If we are going to reject Aristotle, he continues, we do not need another author. The only authority we need is our own senses. Our discussion as proper philosophers should be about the ‘sensible world and not a world on paper’ (Galilei & Finocchiaro 2008, p.201). As we shall see next week, however, it is precisely this world that we cannot see.


[1] He did not actually say this. The quotation is a gloss of a passage in The Assayer. ‘Philosophy is written in this all-encompassing book that is constantly open before our eyes, that is the universe; but it cannot be understood unless one first learns to understand the language and knows the characters in which it is written. It is written in mathematical language, and its characters are triangles, circles, and other geometrical figures; without these it is humanly impossible to understand a word of it, and one wanders around pointlessly in a dark labyrinth’ (Galilei & Finocchiaro 2008, p.183).

[2] For the Liddell and Scott entry for φύσις, see http://tinyurl.com/3a4fsaf. And for φύω, see http://goo.gl/oeZ43f.


Spinoza: What is Substance? – Lecture 5

December 18, 2013

SpinozaPerhaps one of of the greatest obstacles to modern readers of Spinoza’s Ethics is the language he uses. It is one which would be perhaps understandable to readers of his time, but has become pretty meaningless to us now. It is a language that has its roots in greatest obstacles to modern readers of Spinoza scholasticism, though, like Descartes, (who is the most important philosophical influence on Spinoza) everything he writes is a rejection of this tradition. Scholasticism obtains its language from Aristotle (or at least as he is handed down by the Islamic scholars to the West in the 9th century), so we first need to go back to this source.

Those of you who have done a basic cause in Greek philosophy might remember Aristotle’s philosophy and especially his notion of ‘substance’, and this is where we need to start, since ‘substance’ in one of the most important words in Spinoza’s vocabulary. We are also going to use as our guide here the excellent book by Woolhouse, The Concept of Substance in Seventeenth Century Metaphysics.[1]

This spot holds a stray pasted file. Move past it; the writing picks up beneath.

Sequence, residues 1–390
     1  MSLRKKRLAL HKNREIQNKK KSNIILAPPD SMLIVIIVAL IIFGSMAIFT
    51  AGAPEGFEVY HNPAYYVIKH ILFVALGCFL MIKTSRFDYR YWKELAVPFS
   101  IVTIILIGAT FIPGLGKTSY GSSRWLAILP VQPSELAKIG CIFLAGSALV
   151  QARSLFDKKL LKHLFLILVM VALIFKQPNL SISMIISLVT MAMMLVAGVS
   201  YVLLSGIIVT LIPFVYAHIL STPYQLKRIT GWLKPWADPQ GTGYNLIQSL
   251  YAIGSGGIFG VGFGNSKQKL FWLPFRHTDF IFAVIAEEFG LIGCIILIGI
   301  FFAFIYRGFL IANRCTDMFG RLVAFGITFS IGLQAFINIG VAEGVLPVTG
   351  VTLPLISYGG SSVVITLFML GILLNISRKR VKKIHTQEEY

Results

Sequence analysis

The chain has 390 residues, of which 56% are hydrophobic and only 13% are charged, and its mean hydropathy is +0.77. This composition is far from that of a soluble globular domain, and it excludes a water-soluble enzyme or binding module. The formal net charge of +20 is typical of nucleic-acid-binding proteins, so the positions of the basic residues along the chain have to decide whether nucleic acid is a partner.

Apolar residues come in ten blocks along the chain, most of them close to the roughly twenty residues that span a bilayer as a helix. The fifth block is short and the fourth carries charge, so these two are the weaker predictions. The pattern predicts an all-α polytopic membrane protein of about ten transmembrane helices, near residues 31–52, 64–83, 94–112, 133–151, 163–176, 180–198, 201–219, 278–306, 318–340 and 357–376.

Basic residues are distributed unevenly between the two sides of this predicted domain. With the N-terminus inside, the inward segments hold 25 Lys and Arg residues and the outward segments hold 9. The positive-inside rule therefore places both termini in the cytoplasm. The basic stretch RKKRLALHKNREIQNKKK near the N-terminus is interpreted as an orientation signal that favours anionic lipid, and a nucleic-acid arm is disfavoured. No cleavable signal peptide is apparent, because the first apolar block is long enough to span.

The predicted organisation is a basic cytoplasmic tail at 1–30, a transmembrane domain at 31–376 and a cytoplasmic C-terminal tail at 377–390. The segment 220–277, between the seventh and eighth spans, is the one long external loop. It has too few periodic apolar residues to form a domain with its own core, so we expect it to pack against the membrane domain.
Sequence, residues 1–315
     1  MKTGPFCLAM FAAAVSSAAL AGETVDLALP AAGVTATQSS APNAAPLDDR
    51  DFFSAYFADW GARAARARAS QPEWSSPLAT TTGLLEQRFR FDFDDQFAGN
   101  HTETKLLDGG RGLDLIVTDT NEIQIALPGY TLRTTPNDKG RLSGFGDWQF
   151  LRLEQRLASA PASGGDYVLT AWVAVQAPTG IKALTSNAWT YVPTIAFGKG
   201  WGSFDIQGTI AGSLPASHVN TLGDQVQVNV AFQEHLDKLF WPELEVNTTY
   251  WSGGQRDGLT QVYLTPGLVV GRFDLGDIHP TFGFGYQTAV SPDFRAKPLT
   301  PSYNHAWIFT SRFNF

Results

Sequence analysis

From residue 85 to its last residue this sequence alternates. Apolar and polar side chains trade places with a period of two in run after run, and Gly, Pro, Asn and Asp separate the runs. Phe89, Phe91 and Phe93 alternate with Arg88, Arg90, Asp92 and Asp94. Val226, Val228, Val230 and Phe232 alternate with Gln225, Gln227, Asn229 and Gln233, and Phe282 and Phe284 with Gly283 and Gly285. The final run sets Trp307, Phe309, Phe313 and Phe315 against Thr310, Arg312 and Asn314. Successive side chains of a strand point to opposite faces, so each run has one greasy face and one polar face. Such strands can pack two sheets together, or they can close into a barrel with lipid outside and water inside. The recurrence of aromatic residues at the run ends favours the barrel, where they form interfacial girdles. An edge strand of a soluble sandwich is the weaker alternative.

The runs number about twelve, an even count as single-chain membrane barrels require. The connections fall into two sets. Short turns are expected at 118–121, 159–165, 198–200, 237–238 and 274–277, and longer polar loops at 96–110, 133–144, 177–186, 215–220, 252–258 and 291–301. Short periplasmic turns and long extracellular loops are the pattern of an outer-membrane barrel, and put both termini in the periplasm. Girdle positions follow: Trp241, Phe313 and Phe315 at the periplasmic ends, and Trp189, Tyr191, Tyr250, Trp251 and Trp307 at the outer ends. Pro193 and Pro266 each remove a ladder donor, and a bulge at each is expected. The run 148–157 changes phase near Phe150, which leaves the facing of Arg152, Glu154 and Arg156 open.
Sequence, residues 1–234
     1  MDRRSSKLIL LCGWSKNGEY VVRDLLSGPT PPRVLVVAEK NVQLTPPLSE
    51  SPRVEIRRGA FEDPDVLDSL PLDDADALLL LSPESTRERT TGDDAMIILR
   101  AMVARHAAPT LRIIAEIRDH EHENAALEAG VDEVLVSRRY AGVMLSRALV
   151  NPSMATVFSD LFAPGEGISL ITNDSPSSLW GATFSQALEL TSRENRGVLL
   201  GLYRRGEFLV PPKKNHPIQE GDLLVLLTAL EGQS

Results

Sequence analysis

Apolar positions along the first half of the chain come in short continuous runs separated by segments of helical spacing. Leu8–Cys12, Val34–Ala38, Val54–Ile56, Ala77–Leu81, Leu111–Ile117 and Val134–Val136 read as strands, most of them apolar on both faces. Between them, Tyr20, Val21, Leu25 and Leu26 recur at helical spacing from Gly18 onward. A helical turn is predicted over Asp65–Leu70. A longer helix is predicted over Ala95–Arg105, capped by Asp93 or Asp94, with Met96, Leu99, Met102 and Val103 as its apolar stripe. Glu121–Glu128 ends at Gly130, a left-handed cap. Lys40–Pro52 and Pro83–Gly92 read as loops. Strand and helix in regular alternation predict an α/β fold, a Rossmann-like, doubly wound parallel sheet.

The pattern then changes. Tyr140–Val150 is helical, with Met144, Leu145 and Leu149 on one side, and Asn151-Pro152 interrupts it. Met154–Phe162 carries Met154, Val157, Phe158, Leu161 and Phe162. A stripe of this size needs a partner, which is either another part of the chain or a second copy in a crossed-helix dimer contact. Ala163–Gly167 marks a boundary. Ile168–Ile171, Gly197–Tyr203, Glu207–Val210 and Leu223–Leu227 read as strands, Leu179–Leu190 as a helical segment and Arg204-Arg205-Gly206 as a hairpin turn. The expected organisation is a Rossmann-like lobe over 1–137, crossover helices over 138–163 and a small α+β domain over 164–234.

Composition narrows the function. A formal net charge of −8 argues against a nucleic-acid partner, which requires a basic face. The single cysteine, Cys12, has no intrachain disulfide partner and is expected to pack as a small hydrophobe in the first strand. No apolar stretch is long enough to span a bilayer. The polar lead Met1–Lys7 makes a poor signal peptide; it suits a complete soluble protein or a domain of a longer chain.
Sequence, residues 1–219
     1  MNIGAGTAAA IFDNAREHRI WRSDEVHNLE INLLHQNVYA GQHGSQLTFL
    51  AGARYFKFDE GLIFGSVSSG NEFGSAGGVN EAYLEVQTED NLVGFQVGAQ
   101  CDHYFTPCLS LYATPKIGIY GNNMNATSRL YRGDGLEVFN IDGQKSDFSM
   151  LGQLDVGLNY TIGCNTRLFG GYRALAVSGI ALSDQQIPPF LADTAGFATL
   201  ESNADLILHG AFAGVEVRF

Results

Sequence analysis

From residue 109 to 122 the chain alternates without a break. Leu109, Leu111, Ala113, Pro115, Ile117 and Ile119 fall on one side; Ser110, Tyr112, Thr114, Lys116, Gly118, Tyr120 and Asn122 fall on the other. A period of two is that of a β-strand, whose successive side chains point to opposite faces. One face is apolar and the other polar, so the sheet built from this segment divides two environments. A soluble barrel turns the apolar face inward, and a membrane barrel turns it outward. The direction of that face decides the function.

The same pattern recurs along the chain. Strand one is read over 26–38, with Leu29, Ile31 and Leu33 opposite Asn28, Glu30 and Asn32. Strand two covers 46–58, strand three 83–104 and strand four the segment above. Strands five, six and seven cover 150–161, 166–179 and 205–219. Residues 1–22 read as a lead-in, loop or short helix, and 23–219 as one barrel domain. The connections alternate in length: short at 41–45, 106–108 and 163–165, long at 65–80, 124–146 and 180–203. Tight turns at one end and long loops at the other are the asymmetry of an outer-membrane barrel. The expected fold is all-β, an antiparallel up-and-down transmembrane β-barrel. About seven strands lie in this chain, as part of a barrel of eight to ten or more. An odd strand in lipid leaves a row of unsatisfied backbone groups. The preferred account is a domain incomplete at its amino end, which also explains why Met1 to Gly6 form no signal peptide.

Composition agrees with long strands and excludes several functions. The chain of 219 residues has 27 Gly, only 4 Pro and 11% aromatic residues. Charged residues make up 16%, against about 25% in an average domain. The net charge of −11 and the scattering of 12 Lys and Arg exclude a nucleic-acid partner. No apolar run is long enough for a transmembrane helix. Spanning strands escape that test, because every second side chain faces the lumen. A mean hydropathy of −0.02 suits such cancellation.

When we normally think of the word ‘substance’ in English, we associate it with the idea of matter. As for example, when we think of the question ‘what substance is this table made out of?’, we would probably respond by saying, ‘wood’ or ‘plastic’, corresponding to the material it was constructed from. This is not what Aristotle means by substance at all, and certainly not what Spinoza means by it. In fact Aristotle has a completely different word for matter in Greek, which is hyle. The word in Greek for substance is, on the contrary, ousia. Ousia is the 3rd person singular feminine present participle of the Greek verb ‘being’. Now the grammar of this word is not particularly important for us, but what is important is that it has its origin in the verb ‘being’. Ousia is not the word for matter for Aristotle but for what is. Everything that is, is named by the word ousia, since everything that is must necessarily be; that is, must necessarily possess being, whether we’re talking about tables, galaxies or even ourselves. This notion of being, Aristotle says in the Metaphysics, is the proper subject matter of philosophy, and no other study. So the question we must ask ourselves is what did Aristotle think was the answer to the question what is being?

What is real for Aristotle are individual things like men, animals and plants and so on, and what is, is made up of these individual things. This seems to follow common sense, and it is clear those philosophers before Aristotle where not so ready to agree with common sense. Many of them tended to believe that there was a much greater reality behind the individual things we experience, which it is the task of philosophers to describe. Think, for example of the first Greek philosopher that we have any information about, Thales, who thought that every individual thing was in fact made of water, which was therefore the ultimate explanation and reality of the universe.